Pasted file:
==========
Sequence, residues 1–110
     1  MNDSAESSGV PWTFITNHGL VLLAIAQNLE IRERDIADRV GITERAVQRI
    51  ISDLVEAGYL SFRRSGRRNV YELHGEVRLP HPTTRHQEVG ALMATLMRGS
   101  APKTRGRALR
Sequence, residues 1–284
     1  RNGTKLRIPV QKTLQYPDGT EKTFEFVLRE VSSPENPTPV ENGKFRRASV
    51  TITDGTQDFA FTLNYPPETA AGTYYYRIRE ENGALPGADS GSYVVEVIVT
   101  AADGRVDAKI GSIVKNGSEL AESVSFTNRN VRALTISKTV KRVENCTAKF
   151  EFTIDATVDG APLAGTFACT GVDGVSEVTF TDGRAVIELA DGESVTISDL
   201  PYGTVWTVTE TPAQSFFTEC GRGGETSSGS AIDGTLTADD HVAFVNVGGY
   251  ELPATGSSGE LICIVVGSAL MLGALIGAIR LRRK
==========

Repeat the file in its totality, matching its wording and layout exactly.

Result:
Sequence, residues 1–110
     1  MNDSAESSGV PWTFITNHGL VLLAIAQNLE IRERDIADRV GITERAVQRI
    51  ISDLVEAGYL SFRRSGRRNV YELHGEVRLP HPTTRHQEVG ALMATLMRGS
   101  APKTRGRALR
Sequence, residues 1–284
     1  RNGTKLRIPV QKTLQYPDGT EKTFEFVLRE VSSPENPTPV ENGKFRRASV
    51  TITDGTQDFA FTLNYPPETA AGTYYYRIRE ENGALPGADS GSYVVEVIVT
   101  AADGRVDAKI GSIVKNGSEL AESVSFTNRN VRALTISKTV KRVENCTAKF
   151  EFTIDATVDG APLAGTFACT GVDGVSEVTF TDGRAVIELA DGESVTISDL
   201  PYGTVWTVTE TPAQSFFTEC GRGGETSSGS AIDGTLTADD HVAFVNVGGY
   251  ELPATGSSGE LICIVVGSAL MLGALIGAIR LRRK